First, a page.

Eagles' defense is feeling more comfortable
Billy Davis admitted he's getting "more comfortable" making defensive play calls. (AP)
After the Dallas game, Bill Davis got to work early and did what he usually does: He went over tape. He’s had to sit through some excruciating viewing experiences this year. Last weekend’s defensive effort wasn’t as hard to watch.
The Eagles lost to the Cowboys, but they allowed just 17 points to a Dallas offense that entered the game scoring the second-most points per game in the league. The Birds are getting better on that side of the ball. So is Davis.
“I think I feel a lot more comfortable,” Davis said about his defensive game calls. “I think the players feel more comfortable in the calls. All of it is a growth that's happening. I feel more comfortable. Knowing what the strengths and weaknesses of the individual players are now that we have almost half a season under our belt. So that's growing. I think more importantly, we as a staff see the players understanding the concepts of the coverage, the techniques within the coverage and how they work with the concept. All of that is growing.”
Before the season began, Davis said he wanted to restore the Eagles’ “great defense” (see story). That was easily said and not so easily accomplished. In the first four games, the Eagles allowed 34.5 points per game. That number was inflated by the 52 points the Denver Broncos put up, but even if you take that game away and excuse them for getting run over by the almost-indefensible Peyton Manning monster, the Eagles still surrendered 30.6 points per game in their first three outings.
No matter how you chop up the early-season numbers, the results weren’t good. But Davis had faith -- enough that, after the Broncos bludgeoned them, he asked people to “trust him” (see story). That amused some members of the media and fanbase. Why trust him? Why trust a guy leading a defense that hadn’t performed? It was understandable then. It’s harder to doubt him now.
Davis and his defense have been pretty good over the last three games, allowing an average of 19.3 points. And while the 31st-ranked pass defense remains a concern, the Eagles are 12th against the run.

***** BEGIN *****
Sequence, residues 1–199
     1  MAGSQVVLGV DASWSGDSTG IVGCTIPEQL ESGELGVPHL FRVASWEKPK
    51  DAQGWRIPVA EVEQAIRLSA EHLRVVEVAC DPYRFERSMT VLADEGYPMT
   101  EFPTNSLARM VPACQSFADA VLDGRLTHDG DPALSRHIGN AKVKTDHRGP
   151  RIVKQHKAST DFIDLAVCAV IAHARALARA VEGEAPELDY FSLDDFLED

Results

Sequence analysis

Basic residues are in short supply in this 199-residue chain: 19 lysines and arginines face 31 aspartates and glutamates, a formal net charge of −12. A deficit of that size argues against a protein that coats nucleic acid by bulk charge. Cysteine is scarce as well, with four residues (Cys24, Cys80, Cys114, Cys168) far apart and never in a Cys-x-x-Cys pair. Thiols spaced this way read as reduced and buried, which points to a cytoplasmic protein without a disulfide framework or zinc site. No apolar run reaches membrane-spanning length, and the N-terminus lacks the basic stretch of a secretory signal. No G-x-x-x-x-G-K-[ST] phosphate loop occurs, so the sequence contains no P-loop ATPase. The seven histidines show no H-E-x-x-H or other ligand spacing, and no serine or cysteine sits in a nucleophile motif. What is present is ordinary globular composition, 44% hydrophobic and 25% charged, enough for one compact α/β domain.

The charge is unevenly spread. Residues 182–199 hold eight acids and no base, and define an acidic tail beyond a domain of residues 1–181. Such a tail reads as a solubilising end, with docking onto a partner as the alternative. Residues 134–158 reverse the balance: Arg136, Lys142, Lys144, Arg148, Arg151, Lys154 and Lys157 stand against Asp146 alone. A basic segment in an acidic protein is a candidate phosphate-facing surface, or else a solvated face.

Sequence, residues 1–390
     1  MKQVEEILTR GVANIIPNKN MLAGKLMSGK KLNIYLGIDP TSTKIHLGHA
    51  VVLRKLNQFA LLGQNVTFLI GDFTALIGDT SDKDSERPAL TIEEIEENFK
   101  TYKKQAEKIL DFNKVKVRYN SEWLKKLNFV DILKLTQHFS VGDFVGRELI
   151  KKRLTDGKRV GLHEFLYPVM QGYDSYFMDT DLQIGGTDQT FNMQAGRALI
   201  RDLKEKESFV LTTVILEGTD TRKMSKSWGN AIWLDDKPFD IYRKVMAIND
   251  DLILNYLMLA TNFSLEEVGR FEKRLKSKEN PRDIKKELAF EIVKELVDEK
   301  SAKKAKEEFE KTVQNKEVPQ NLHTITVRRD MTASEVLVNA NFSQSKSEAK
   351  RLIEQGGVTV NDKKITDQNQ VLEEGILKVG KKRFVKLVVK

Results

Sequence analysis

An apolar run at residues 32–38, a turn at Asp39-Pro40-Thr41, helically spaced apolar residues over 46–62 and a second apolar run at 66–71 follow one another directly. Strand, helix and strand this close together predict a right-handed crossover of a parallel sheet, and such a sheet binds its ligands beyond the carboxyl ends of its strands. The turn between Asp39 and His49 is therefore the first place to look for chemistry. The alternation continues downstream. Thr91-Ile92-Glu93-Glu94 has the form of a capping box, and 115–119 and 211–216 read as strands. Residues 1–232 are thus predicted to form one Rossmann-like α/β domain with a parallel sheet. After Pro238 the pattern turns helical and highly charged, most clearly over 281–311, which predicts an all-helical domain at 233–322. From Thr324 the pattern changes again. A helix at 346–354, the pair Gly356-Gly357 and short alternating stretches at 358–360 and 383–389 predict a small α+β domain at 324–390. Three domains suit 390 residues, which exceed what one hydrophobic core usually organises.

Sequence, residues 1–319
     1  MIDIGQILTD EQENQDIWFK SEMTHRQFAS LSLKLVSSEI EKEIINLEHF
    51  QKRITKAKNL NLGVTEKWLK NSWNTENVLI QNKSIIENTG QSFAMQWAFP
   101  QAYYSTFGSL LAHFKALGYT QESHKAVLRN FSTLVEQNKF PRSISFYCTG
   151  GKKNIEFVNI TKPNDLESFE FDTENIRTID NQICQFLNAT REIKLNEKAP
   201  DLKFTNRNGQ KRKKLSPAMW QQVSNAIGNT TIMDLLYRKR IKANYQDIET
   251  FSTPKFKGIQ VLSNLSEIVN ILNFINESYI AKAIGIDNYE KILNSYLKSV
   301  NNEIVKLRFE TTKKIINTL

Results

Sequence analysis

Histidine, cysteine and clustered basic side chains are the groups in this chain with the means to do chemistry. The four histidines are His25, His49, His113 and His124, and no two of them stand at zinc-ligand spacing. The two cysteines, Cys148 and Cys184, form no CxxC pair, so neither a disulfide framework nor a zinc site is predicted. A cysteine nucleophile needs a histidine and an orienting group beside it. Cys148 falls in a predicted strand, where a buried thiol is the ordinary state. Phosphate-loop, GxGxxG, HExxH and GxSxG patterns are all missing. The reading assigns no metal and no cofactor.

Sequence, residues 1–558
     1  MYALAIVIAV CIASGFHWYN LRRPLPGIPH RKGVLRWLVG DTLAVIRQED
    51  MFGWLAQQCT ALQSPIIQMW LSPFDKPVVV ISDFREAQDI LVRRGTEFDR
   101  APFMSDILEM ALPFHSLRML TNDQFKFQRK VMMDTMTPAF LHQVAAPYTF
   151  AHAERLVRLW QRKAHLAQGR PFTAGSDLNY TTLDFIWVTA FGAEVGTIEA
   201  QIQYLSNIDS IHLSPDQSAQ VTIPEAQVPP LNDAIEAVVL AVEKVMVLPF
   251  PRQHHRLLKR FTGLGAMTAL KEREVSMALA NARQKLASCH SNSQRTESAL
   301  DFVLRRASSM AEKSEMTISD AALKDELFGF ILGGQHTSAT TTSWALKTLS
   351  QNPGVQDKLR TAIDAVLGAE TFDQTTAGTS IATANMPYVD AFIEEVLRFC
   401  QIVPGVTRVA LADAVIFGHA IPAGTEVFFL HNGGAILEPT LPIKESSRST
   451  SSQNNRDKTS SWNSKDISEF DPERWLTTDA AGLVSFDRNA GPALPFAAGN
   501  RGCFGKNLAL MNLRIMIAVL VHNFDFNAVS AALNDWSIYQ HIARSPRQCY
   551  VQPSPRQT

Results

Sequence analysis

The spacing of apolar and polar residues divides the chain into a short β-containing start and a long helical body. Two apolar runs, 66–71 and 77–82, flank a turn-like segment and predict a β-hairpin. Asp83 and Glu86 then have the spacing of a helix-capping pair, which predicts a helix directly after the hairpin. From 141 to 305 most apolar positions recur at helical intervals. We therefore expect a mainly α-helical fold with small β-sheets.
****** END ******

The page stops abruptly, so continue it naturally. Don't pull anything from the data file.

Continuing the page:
“The interesting thing for me, and I’m really happy with how Billy has done it, the defense we ran against the Cowboys is the same defense we ran in the beginning of the year when we were much-maligned in terms of ‘what are we doing’ and all those other things,” Chip Kelly said. “I think Billy has conviction in terms of what he’s doing. I think he’s sound at how he approaches things. I think he has answers: 'If they’re doing this, we need to do that.' I also know he’s really in tune to where our players are and what they can handle.”
What the players can handle, what they do well and not so well, that’s all part of a developing a relationship between the coach and his unit, according to Davis. Brandon Boykin agreed, saying it’s a two-way flow of information of ideas that has improved over the last few weeks.
“As a player, you don’t really think about what they’re calling during the game,” Boykin said. “I think, more so, it’s once you watch the film. But everybody is learning. This is our first year in the scheme. In certain situations, now that he’s seen it, he might call something that we’ve had success against. And I think he’ll probably do that [against New York] going back from when we played the Giants earlier.”
As Davis noted, the Eagles have recently done a better job creating turnovers. In the last three weeks, the defense has forced six interceptions and recovered a fumble. That comes after not forcing a turnover in two straight weeks against the Chiefs and Broncos.
Davis said the Eagles’ defense has to get better on third down, in the red zone, and in points allowed. As you might expect, he held himself responsible for all that, but Cary Williams said the players “don’t fault our coach. We take onus on ourselves.”
“I think he’s calling great games,” Williams continued. “I don’t think it’s necessarily his fault for any of the things that happened on the field. Sometimes it comes down to us. It comes down to us being able to execute what is called and understand our responsibilities within the defense and going out there and playing those responsibilities to the best of our ability and creating turnovers and disrupting timing between wide receivers and the quarterback. … It’s up to us to go out there and execute the things that the coaches ask us to do.”